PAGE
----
The Hebrew word mitzvot means "commandments" (mitzvah is its singular form). Although the word is sometimes used more broadly to
refer to rabbinic (Talmudic) law or general good deeds ("It would be a mitzvah to visit your mother"), in its strictest sense it refers to the divine
commandments given by God in the Torah.
The 613 Commandments
The important Jewish philosopher Maimonides made a list of the 613 commandments he found in the Jewish Bible, and here they are.
Rabbinic Law
In addition to the 613 mitzvot, Jewish law incorporates a large body of rabbinical rules and laws. These are considered just as binding as
the mitzvot, although the punishments for violating them are less severe. Another difference is that it is possible, though unlikely, for the
rabbinical laws to be changed, but no rabbi can change the Torah mitzvot. The rabbinical portion of halakhah falls into three groups:
a gezeirah, takkanah, and minhag.
The Synagogue
The Jewish house of worship is a synagogue. The synagogue predates the destruction of the Second Temple, but it
became central to religious life after the Temple was lost. The synagogue replaces ritual sacrifice with Torah readings,
prayer and teaching.
Jewish Worship and Prayer
Guide to characteristics of Jewish worship and prayer, the weekday and Sabbath prayer services and etiquette for
visitors.
Keeping Kosher: Jewish Dietary Laws
One of the most well-known Jewish religious practices is that of eating kosher foods. The laws of kashrut (Jewish dietary laws) may be
puzzling or meaningless to the outsider, but they have held great meaning for the Jewish people throughout their history. Not only are they
an opportunity for obedience to God, they also strongly contribute to Jewish unity and identity.

The Jewish People

One of the Amarna letters found at
the site of Amarna (commonly
known as el-Amarna or incorrectly
as Tel el-Amarna).
Possibly the first written record of a Hebrew people dates from approx. 1398 - 1350 BCE where
mention is made in the Egyptian el-Amarna letters of a desert-dwelling “Habiru” in the cities of
Canaan. As far as we know, these were bands of mercenaries and artisans, independent people
regarded by many as part of the underclass.
About 1250 BCE, a group of Caananite refugees fled slavery in Egypt – the Exodus that is celebrated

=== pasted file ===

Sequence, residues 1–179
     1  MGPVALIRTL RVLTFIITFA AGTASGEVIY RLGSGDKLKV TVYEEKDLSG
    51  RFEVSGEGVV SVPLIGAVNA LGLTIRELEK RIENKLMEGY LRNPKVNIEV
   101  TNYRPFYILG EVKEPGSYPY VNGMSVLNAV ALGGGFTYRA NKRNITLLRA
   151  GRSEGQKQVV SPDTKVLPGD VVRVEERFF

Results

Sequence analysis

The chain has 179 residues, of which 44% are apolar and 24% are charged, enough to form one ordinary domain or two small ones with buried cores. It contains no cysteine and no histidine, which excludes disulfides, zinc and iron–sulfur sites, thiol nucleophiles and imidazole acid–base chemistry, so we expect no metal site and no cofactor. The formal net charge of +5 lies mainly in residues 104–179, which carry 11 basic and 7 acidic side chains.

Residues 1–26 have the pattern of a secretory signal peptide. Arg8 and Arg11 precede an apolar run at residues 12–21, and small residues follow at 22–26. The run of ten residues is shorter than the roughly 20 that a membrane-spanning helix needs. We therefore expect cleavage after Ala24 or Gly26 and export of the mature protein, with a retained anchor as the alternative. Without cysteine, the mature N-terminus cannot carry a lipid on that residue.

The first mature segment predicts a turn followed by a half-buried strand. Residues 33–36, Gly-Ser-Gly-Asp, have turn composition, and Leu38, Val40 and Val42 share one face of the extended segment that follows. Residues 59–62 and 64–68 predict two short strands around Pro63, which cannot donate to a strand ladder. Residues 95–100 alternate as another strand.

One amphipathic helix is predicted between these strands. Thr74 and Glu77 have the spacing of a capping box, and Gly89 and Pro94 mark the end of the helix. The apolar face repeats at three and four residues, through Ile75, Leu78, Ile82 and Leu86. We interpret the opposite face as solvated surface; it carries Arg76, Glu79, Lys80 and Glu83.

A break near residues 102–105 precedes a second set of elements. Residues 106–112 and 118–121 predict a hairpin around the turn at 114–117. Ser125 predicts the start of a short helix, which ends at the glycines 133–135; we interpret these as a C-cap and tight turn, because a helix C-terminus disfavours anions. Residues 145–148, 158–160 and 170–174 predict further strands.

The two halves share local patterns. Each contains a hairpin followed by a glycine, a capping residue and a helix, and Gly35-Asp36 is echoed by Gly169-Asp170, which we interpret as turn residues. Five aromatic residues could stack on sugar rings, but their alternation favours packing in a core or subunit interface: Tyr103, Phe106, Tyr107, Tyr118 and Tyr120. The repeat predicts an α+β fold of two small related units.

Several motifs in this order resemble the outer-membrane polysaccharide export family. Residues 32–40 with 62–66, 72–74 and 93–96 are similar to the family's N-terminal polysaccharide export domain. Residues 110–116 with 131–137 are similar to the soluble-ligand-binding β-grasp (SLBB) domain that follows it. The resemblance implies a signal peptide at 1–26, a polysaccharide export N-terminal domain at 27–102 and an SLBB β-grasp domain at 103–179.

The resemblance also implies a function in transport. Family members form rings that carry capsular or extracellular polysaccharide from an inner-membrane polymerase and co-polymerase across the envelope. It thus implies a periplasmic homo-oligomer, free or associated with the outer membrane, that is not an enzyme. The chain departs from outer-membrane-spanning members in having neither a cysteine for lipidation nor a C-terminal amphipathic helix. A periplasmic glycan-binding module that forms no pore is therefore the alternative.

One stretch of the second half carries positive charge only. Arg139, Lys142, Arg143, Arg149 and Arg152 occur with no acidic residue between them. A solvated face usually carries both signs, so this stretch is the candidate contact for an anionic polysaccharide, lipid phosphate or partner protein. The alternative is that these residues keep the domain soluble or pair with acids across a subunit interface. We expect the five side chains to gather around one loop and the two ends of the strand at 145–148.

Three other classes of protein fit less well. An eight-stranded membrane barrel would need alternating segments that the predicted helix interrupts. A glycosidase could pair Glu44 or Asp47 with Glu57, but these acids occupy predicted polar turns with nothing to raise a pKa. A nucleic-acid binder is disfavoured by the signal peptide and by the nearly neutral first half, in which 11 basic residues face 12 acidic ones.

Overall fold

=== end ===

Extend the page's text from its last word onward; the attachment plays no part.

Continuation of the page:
to this day at Passover. In their minds, their God had triumphed over the might of Egypt and allowed
Moses to lead his people to safety. The traditional story is that Moses then receives God’s laws on
Mount Sinai and brings them down to the people, only to find the Israelites worshipping a golden calf.
Moses becomes angry and smashes the tablets on which the laws are written. Admonishing Israel, he
returns to the mountain and obtains a new set of tablets which he gives to the people, placing them in
the Ark of the Covenant for safekeeping. Thereafter, the Ten Commandments served as a sacred bond
between the Israelites and their God.

Ba’al with raised arm,
14th - 12th Century BCE found
at Ras Shamra (ancient Ugarit),
Louvre
The Hebrew Bible has several contradictory accounts of which laws the Israelites were given, how
many they received, and where and when they got them. This version, above, was recorded at least
six centuries later, during the Axial Age.
In around 1225 BCE, under extreme threat from foreign peoples, the tribes united to form the
Kingdom of Israel. Three centuries later civil war split Israel into two states, Israel and Judah, that
collectively became known as am Yahweh – the people of God. Yahweh was their divine warrior and
these were warring times. But, as is typical of pre-Axial societies, the vast majority also turned to
other gods for solutions to different problems. King Ahab, under the influence of Jezebel his Queen,
allowed Phoenician gods to infiltrate the land, especially the goddess Astarte and Ba’al, the god of
harvests. In spite of the admonitions of prophets such as Elijah insisting on the exclusive worship of
Yahweh, the Israelites would not become a monotheistic people until the height of their Axial period in
the late 6th century BCE.

The Axial-Age Prophets
The early 8th century BCE was a more peaceful time with both states expanding and trade flowing
freely between them. The practice of religion was now completely external and superficial, the regular
performance of ritualistic obligations and sacrifices the only requirement. Over this period, the rich
became extremely so and their good fortune was interpreted as evidence that the divine Yahweh
rewards materially those who regularly perform the prescribed ritual obligations. The poor, they